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The M7 is a small metal cased U.S. anti-tank blast mine that was used during the Second World War. It was based on the British Hawkins grenade. Approximately 2.5 million were produced before production ceased, and although it has long since been withdrawn from U.S. service, it can be found in Angola, Burma, Cambodia, Chad, Eritrea, Ethiopia, Korea, Lebanon, Myanmar, Somalia, Thailand and Zambia.


The mine has a thin olive green painted steel case, with a large hinged pressure plate. This plate transfers force onto the mine's fuze. The fuze is triggered by relatively low pressures, making the mine effective against trucks and cars. Additionally, the fuze may be sensitive enough to make it effective as an anti-personnel mine. The mine was normally deployed inside a cloth bag or sack to prevent rocks getting trapped under the hinged lid of the mine. The mine only had a small main charge, so was typically deployed in lines or rows of up to five mines to be effective against tanks.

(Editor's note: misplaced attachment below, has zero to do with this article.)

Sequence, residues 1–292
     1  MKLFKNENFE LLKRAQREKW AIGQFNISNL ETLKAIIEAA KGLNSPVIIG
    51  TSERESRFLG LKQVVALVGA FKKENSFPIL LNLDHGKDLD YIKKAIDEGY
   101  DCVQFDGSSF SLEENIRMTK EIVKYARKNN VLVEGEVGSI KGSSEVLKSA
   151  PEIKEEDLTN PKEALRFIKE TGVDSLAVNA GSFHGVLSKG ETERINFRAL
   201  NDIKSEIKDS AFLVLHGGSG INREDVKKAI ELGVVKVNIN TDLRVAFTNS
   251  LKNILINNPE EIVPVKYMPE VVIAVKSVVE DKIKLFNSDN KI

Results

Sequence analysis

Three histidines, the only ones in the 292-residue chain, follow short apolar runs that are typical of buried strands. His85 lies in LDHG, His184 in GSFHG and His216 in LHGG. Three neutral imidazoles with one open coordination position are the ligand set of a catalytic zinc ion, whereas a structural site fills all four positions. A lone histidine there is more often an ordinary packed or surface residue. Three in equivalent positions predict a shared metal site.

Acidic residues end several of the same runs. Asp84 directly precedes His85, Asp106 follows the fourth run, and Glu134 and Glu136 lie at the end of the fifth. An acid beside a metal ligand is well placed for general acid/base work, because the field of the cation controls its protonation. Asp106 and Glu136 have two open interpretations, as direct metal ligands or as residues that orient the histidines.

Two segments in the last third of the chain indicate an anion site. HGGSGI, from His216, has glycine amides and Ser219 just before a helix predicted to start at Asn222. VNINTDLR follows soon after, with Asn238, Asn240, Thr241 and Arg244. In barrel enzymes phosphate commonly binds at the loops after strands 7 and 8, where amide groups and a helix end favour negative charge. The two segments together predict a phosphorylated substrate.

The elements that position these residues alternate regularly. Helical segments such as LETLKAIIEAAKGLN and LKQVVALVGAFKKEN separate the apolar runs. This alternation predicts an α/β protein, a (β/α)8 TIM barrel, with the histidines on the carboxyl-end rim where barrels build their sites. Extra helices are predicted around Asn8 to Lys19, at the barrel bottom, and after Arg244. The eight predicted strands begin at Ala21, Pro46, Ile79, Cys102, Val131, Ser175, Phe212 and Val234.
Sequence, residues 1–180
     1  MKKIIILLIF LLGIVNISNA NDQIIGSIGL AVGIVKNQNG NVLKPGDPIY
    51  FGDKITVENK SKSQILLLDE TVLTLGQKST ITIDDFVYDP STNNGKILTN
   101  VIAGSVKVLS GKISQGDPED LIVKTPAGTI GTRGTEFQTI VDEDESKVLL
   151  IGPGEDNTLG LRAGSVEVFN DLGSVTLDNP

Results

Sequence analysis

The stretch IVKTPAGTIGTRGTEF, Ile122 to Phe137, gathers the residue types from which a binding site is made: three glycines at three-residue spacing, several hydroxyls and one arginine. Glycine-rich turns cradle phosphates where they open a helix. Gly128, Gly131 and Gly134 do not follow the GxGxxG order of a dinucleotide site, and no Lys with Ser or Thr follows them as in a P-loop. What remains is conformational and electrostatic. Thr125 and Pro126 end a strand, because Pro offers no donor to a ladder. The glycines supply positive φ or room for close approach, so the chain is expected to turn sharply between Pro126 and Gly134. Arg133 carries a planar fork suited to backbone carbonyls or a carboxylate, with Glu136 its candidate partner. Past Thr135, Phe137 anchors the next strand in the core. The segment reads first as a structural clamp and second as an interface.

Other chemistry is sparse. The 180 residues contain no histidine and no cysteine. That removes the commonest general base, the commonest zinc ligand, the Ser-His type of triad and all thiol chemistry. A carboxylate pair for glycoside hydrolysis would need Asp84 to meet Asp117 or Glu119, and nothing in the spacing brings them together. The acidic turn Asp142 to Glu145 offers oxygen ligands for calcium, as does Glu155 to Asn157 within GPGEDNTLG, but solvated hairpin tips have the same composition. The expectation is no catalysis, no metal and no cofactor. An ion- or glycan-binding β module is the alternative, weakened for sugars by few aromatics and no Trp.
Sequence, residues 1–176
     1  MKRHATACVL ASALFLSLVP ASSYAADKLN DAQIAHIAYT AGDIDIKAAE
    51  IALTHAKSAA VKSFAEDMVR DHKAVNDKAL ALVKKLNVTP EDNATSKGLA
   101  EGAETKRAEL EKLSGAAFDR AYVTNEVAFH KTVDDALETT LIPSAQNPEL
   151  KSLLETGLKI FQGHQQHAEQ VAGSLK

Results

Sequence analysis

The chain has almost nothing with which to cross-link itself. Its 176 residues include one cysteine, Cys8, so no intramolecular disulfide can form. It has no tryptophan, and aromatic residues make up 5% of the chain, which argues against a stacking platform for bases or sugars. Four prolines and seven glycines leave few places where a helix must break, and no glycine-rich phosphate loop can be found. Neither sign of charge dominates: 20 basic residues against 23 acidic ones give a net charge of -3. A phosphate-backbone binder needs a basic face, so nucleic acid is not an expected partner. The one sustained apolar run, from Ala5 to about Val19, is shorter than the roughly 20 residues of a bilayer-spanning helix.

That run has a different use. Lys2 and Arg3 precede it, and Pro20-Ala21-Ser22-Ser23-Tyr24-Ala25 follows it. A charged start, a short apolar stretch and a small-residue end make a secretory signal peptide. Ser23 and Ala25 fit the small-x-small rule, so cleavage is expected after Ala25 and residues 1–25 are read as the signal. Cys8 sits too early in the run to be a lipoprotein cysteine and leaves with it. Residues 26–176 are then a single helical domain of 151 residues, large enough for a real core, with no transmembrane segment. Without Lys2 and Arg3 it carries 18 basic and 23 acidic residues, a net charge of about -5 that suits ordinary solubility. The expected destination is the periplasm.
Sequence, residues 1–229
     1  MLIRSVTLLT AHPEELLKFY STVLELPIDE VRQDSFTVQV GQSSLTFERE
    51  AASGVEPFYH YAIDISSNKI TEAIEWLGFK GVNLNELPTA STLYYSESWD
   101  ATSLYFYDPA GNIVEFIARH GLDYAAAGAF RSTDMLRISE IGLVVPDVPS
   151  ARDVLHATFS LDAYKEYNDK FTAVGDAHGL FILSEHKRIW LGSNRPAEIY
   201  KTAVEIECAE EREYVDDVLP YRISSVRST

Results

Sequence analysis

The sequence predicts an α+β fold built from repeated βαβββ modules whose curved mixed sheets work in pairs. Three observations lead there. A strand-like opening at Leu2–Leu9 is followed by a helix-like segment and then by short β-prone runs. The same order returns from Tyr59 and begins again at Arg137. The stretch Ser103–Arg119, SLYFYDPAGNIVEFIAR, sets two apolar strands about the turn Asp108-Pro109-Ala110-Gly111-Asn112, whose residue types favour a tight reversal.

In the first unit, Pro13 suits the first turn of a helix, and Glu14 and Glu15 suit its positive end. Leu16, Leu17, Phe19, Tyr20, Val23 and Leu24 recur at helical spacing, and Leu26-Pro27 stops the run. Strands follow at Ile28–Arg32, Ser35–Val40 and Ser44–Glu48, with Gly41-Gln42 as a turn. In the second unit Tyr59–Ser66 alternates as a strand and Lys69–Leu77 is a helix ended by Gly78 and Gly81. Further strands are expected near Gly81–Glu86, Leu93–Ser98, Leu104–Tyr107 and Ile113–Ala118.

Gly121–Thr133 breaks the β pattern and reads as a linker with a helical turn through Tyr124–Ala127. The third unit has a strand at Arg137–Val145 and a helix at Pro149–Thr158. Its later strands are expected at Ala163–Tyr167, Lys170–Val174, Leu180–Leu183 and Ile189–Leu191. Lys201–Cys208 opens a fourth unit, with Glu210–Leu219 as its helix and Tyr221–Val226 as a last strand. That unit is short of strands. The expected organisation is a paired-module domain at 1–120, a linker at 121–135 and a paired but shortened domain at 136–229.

Several variants of the mine were produced, and two chemical (the M600 and M601) and one mechanical fuze (the M603) were developed for the mine. A secondary fuze well may be fitted to the mine, for anti-handling devices. The most common type of booby trap detonator was the M1 pull which was installed in the end fuse well. This could be attached to a trip wire or a small stake underground for anti-removal detonation. Command detonations could be achieved by screwing in an electric cap adapter and firing it with a demolition firing machine. It could even be detonated by installing a standard firing coupler with a fuse cap and safety fuse.


  • Weight: 2.2 kg
  • Explosive content: 1.62 kg of Tetryl
  • Length: 178 mm
  • Width: 114 mm
  • Height: 64 mm
  • Operating pressure: 60 to 110 kg


  • M7 - fitted with M600 chemical fuze
  • M7A1 - fitted with M601 chemical fuze
  • M7A2 - fitted with M602 mechanical fuze


  • Jane's Mines and Mine Clearance 2005-2006

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